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‘Week 2’ Category

  1. The Making of Malala Yousafzai

    October 16, 2013 by

    In the wake of all of the press this last week about Malala Yousafzai I thought this video would be interesting. The documentary relies on different documentary styles to tell the story of how Malala became who she is today. It uses the journalist as a first person narrator who balances a personal story with a journalistic perspective. He tells of his experience making the documentary and getting to know the family, but even as he reveals his close connections to the family he steps back and explores the complexities of Malala’s father. Her father is at once a champion of education for women, a businessman that profits off this education, and the husband of a woman who can’t read. He also may be using Malala for his own personal gain. Yet, as Malala develops her own beliefs and ability to voice them, whether or not her father influenced her falls away, as she makes a strong case for her own education as well as the education of all girls.

    The video coupled with an article that explores the current situation in her town seems like a great example of transmedia. It continues the story. We are able to delve further into the challenging situation that began with Malala’s father’s interests and the shooting by the Taliban. Now there is a deeper understanding of what people mean in the article when they express resentment or appreciation for Malala and her father.

  2. Adventure without Words

    October 15, 2013 by

    Adventure Is Calling from Shane Black on Vimeo.

    For this week I went back to the Viemo staff picks page, now mind you that was not my intention, I was planning on going on a search for something but one of the first videos there caught my eye and my imagination.  The video “Adventure is Calling” is a five minute long piece of several time lapse shots by Shane Black.  Now this is would normally be something that isn’t that inspiring until you read the story behind it.  Black and two of his friends left their jobs of six years to travel around the country in a truck, camping out and basically seeing what this world has to offer.  Now don’t tell me no one of us have ever had dreams of packing everything up and going on an adventure.  I maybe dream of it once a year myself, and that is what is so inspiring about this these guys just did it, and these images of the mountains, deserts, and forests are what they have to show for it.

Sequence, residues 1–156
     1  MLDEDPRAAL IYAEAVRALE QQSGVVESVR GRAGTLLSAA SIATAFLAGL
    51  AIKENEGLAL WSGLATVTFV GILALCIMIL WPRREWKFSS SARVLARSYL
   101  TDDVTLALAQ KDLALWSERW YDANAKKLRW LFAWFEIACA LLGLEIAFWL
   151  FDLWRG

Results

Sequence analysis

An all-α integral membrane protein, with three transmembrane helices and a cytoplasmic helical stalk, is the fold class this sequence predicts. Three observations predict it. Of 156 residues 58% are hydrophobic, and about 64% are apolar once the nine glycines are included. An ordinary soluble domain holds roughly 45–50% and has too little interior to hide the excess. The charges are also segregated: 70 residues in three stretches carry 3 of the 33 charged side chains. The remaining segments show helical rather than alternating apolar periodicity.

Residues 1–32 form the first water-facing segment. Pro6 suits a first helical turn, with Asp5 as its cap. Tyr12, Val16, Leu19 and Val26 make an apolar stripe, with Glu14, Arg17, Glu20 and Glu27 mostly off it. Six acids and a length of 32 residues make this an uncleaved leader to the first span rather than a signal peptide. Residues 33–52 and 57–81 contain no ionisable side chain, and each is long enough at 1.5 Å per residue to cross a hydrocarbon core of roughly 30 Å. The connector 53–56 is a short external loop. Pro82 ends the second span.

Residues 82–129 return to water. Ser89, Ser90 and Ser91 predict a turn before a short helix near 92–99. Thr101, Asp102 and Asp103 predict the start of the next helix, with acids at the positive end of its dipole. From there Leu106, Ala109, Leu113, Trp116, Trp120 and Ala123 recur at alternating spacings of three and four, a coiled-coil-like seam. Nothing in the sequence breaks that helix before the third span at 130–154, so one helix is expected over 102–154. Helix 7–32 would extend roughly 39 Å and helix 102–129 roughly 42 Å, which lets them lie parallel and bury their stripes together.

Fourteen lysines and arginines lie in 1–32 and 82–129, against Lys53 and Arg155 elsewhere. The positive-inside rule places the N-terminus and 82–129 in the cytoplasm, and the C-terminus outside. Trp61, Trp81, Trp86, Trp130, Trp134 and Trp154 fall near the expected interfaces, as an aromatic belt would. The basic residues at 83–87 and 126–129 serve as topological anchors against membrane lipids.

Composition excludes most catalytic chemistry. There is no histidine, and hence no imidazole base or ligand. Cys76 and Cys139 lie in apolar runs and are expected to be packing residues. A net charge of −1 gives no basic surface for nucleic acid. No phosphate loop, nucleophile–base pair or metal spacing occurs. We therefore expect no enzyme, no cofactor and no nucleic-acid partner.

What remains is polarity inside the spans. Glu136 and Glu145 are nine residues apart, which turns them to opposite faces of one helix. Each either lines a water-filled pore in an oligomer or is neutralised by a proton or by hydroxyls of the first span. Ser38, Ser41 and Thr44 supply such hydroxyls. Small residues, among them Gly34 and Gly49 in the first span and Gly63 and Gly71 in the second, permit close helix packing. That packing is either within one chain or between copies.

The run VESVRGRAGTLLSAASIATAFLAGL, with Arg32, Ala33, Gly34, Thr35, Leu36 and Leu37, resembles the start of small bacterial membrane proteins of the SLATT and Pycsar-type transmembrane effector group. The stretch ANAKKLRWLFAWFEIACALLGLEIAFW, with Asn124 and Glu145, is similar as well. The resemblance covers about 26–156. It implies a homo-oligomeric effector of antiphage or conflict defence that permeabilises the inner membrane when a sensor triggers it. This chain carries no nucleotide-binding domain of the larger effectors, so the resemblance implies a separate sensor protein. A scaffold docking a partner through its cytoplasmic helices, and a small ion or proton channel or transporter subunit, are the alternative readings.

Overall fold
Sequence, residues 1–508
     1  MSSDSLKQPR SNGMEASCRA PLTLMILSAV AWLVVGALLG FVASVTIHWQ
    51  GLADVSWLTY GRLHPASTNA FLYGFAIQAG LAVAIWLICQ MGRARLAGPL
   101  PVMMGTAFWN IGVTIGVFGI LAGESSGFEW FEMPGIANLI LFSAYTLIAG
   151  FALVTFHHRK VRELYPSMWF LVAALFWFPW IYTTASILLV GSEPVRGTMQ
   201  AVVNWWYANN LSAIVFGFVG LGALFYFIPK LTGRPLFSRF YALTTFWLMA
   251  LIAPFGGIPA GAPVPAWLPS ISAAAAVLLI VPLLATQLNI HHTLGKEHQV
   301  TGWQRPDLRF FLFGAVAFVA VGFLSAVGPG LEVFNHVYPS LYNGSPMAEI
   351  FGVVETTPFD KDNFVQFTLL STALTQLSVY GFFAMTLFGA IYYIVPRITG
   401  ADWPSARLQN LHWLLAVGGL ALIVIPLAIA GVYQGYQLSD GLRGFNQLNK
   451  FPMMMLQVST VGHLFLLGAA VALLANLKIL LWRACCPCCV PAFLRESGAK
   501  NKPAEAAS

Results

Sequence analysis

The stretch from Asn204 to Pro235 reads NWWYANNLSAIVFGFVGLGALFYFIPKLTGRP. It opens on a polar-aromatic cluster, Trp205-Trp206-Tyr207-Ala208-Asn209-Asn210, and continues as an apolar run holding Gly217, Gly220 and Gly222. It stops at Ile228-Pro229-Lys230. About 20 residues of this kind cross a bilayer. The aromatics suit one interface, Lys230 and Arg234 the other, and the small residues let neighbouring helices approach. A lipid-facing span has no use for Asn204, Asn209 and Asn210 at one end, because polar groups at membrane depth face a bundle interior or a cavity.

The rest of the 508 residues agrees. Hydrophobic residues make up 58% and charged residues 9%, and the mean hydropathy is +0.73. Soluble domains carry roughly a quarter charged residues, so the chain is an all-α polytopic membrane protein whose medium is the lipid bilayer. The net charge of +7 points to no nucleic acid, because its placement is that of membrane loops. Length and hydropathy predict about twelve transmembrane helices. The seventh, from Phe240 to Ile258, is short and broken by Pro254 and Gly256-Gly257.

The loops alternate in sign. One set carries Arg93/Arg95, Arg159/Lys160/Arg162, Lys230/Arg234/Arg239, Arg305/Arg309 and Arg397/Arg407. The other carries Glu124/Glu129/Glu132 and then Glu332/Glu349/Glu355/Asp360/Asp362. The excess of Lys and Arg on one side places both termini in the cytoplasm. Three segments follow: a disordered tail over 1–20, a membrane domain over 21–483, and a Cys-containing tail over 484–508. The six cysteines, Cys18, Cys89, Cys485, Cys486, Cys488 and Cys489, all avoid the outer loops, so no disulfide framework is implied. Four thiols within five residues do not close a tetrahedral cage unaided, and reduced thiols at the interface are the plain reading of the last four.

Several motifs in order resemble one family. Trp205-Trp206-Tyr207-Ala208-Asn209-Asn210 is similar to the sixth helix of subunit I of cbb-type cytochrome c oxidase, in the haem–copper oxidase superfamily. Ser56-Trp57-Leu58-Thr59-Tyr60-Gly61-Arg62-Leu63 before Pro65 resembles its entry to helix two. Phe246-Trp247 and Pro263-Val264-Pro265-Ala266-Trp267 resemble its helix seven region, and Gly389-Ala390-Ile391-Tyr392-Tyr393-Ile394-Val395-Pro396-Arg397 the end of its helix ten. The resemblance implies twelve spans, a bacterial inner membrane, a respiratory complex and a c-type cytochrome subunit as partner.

Look i’m a sucker for good timelapse photography.  I love being able to watch the world fly by in a matter of seconds in what takes hours.  Putting the camera on a dolly to move it while the sky moved around as well added an extra dimension to the piece and the shot itself.  The scenery is of course what makes the video as it is all scenery, just the beauty and the backdrop of the great outdoors.

    The other reason this video grabbed me was because there was no talking in the video, all of the images are set to a rock song that perfectly captures the majesty of the environment.  Since we are focusing on our stories without words this week and next I thought this would be an interesting video to share and talk about.   It really does tell a story of travel and discovery, the protagonist is the environment, and how it is vastly different across the country and world.  I hope you watch this and feel as good as I did when I watched, now if you’ll  excuse me I have a sudden urge to go for a hike.

  3. Media as a Democracy?

    October 14, 2013 by describes itself as “a non-commercial and not-for-profit network of media analysis presented in the public interest.” This segment, featuring a discussion between the Editor-In-Chief of Danny Schechter and economist and professor Richard Wolf, addresses people who are media consumers and also media creators to discuss the changing landscape of media, problems with concentration in media ownership, and ideas to change media to better serve the needs of the people.

    Along with interesting political and economical insight into what is happening in America and in the world, it does serve as an example of a one camera, two-person interview set-up. It’s interesting to see how and when they display their credentials on screen, but to also note that they don’t seem to use any other visuals such as stills or b-roll footage. Whether or not this interview style works or not is up to you. Maybe the content is interesting enough to hook you into finishing the video, and for others that might not be the case. What I love about this video is the lively discussion and major question it poses: should the structure of media function as a democracy?


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